Presence of vocal symptoms affected social interaction in only 57 (15%) male and 38 (17%) female CCOs, with no significant gender difference (x 2 = 0.400; P = 0.527).

Impact of vocal symptoms at work

Presence of vocal symptoms affected job performance in 288 (45%) of the CCOs and there was a significant relationship (x 2 = 9.466; P = 0.002) between work being affected and gender with significantly higher percentage of female CCOs (51%) reporting of work being affected than their male counterparts (39%). Those CCOs whose work was affected due to vocal symptoms, indicated the effect of vocal symptoms on their work using five statements as shown in [Table 3].
Table 3: Effects of vocal symptoms on the call center work

Click here to view

As evident from [Table 3], more than 50% of the CCOs (male and female) reported that they need to repeat information as well as need to force their voice in order to communicate effectively with their customers. At the same time, taking breaks away from phone was reported by higher percentage of male (30%) compared with female (18%) CCOs.

Missing work due to vocal symptoms

One effective way to understand the impact of voice problems is the number of days off work. This was investigated by asking them "during your career, how long have you missed work because of a problem with your voice?" (none, a few days, about a week, about 2 weeks, about 3 weeks, or more than 3 weeks). In 45% of the CCOs, presence of vocal attrition symptoms affected their job performance among whom only 28% (n = 182) (25% male and 33% female CCOs) missed work. Among the 182 employees reporting of missing work, for 22% of males and 26% of females, it was for few days, while for 2% of males and 6% of females it was for a week or more. Pearson's Chi-square test showed a significant association (x 2 = 12.770, P = 0.026) between missing work due to voice problems and gender with significantly higher percentage of females (33%) reporting of missing work than their male (25%) counterparts.

Physician/speech language pathologist (SLP) consultation

This was investigated using two questions "since beginning this type of work, have you ever seen a doctor for problems with your voice?" and "since beginning this type of work, have you ever seen a speech therapist for problems with your voice?" If yes, "how frequently did you visit the physician or SLP?" (once in 9 months, once in 6 months, once every 2-3 months, monthly, fortnightly, weekly). Despite 647 CCOs reporting of experiencing one or more vocal symptoms, only 85 (13%) consulted the Physician (11% males and 16% females), while only 18 (3%), visited SLP (4% males and 2% females), with majority, 562 (87%), reporting of not consulting either of them. Among the CCOs who visited the Physician, 60 (9%) reported that their work was affected due to the vocal attrition symptoms and only 12 (2%) sought advice from SLPs. There was no significant relationship observed between consulting Physician/SLP and gender ((c2 = 3.090, P = 0.079). In spite of 182 CCOs (90 male and 92 female) missing work ranging from few days to 1 or 2 weeks, very few of them (10% male and 12% female) sought help from physicians or SLPs for their problem.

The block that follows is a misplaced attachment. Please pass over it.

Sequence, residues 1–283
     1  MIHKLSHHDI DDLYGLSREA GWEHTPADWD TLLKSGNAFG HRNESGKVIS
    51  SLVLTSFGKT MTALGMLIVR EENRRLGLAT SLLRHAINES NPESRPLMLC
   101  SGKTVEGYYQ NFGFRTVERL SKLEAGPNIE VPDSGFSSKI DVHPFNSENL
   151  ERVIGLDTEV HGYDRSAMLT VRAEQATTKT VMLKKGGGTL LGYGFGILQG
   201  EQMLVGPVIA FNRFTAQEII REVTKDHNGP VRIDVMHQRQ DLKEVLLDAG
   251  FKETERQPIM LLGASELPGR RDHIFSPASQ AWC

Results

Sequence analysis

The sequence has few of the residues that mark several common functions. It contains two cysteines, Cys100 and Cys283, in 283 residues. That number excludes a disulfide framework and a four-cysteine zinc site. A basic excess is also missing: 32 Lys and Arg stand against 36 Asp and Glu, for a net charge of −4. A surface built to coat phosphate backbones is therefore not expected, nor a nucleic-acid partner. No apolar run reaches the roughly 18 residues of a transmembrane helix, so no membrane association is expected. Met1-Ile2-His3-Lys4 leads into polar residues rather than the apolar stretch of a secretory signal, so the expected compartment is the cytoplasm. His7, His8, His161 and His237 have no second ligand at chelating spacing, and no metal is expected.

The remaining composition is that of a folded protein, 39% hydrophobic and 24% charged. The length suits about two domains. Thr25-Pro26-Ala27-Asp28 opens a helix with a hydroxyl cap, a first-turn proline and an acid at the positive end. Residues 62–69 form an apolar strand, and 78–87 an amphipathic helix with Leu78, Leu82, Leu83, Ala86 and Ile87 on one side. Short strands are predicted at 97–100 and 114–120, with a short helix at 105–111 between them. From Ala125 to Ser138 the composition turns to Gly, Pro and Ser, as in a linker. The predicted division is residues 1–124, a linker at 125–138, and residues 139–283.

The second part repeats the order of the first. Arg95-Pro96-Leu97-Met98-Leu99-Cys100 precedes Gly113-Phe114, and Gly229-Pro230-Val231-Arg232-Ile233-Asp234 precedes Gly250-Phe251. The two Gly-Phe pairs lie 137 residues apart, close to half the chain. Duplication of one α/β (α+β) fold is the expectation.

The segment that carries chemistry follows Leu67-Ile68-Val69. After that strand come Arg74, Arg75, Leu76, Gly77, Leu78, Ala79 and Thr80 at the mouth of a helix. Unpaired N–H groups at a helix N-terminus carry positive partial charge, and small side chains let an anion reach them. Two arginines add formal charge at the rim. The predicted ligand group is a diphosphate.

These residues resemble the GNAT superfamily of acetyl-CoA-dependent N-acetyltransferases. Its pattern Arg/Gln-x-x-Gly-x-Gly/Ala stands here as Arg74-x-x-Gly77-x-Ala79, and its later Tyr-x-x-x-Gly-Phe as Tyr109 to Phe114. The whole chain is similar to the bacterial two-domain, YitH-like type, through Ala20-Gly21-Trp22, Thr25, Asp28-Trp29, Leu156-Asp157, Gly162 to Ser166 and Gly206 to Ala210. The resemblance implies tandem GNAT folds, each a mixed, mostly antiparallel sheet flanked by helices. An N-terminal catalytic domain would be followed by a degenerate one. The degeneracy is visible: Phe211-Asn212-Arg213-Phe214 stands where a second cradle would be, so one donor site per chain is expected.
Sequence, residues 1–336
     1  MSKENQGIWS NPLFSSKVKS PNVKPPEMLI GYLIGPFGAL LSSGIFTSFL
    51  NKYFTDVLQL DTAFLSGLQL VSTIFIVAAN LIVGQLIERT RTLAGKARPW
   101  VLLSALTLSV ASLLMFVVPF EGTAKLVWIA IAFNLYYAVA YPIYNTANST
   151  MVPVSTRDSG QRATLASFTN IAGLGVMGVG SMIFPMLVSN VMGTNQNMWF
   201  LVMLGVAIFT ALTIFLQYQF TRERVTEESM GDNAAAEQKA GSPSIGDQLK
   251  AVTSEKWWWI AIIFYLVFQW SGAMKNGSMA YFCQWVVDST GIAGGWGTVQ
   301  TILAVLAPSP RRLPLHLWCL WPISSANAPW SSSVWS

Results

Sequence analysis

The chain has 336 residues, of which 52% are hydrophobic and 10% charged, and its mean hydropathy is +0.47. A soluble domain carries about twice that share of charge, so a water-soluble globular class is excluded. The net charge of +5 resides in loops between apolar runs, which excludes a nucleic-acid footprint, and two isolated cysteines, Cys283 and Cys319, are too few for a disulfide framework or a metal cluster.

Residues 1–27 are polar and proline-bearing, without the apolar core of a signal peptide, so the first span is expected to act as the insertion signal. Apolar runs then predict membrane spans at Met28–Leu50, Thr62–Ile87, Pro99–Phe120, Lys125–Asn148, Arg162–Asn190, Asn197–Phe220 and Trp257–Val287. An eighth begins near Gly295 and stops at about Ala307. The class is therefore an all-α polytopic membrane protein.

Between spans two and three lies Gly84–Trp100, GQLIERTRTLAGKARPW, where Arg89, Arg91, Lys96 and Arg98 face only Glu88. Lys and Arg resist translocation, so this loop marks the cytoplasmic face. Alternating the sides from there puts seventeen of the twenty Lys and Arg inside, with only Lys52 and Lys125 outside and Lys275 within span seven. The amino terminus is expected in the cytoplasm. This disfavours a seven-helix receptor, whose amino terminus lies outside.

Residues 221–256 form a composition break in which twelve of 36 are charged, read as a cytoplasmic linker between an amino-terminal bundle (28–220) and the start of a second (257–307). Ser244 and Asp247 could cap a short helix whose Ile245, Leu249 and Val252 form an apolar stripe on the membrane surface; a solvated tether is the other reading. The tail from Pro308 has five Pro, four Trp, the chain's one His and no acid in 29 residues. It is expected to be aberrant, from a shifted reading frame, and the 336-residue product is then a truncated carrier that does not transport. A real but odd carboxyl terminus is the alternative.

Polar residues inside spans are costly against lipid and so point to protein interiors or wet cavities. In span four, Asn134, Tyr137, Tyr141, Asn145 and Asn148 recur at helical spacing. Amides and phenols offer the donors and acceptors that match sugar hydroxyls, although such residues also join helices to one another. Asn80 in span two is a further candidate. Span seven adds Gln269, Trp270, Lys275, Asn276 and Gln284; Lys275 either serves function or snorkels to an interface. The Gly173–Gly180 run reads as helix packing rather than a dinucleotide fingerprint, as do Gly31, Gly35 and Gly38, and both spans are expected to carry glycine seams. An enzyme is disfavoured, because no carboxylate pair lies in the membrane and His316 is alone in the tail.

Instructions for voice care

The CCOs who participated in the study were asked whether they had received any instructions on the care of their voice. Out of 1093, only 158 (14%), that is, 97 (15%) males and 61 (13%) females reported of receiving some instructions, while 935 (86%) never got any. Of those who received the instructions, only 4 (4%) male CCOs received SLPs instructions, 106 (67%) reported of having received instructions from either the present or the previous employer, 14 (8%) got them from singing teachers and the remaining 34 (22%) from friends and family physician. The results indicated higher percentage of male (15%) CCOs receiving instructions about voice care as compared with their female counterparts (13%). Among the 158 CCOs who received instructions about their voice care, 47 (30%) reported that they did not experience any vocal symptoms, while the remaining 111 (70%) reported of one or more symptoms, with majority reporting of multiple symptoms (n = 87; 55%). When the 935 CCOs who had not received any instructions on their voice care were asked whether they would like to receive instructions regarding their voice care, 668 (71%) (374 males and 294 females) answered they will, while 267 (29%) (161 males and 106 females) did not show any interest in receiving voice care instructions.

   Discussion Top

The present study is probably the first to provide data on prevalence of voice problems in Indian CCOs, based on a large sample size. The results of the current study support the findings in the literature that CCOs are at greater risk of developing voice disorders, irrespective of experiencing one or more vocal symptoms. The findings also indicate that these voice problems have or could have adverse effects on their job performance.

Higher career (59%) and point (27%) prevalence of voice problems, observed in the present study with non-significant gender difference, is consistent with reports of other studies in the literature. [5],[6],[7]],[9],[12] The consistently higher prevalence of voice problems in CCOs from different studies proves that vocal problems are universal among CCOs owing to the occupational vocal demands. In CCOs, the vocal performance is not limited to physiological aspects; rather, it includes occupation demands, coordination of vocal, emotional, and cognitive settings for interaction with customers. It has been reported that continuous use of voice for 2 hours is the maximum allowable time and exceeding that would cause a person's vocal tract to be strained and tensed. [6],[13] Apart from this, most of the CCOs were younger (20-30 years) with lack of experience and coping skills to deal with vocal demands and more vulnerable for vocal strain. [14] Thus, in these professionals, younger age, attending to higher number of calls (80-100 calls/shift) with few breaks, excessive stress and certain ergonomic conditions could lead to permanent damage of vocal fold mucosa not amenable for day to day recovery enhancing prevalence of voice problems threatening the effective functioning. [13] In general, women have higher prevalence of voice problems due to some peculiarities, such as higher fundamental frequency. [15],[16] hormonal influence on the vocal fold, [17] and lower levels of hyaluronic acid in the vocal folds. [18] However, this was not reflected for the CCOs in the present study as both genders reported higher prevalence of voice problems. Studies in the literature suggest that, the CCOs need to speak with a voice that is symbolically feminine with wider pitch range and intonation that are unnatural and difficult for male CCOs; such subtle paralinguistic vocal changes could unconsciously affect them as well as their customer negatively. [19],[20] This unnatural speaking style along with other influencing factors (smoking) would have led to higher prevalence of vocal symptoms in male CCOs.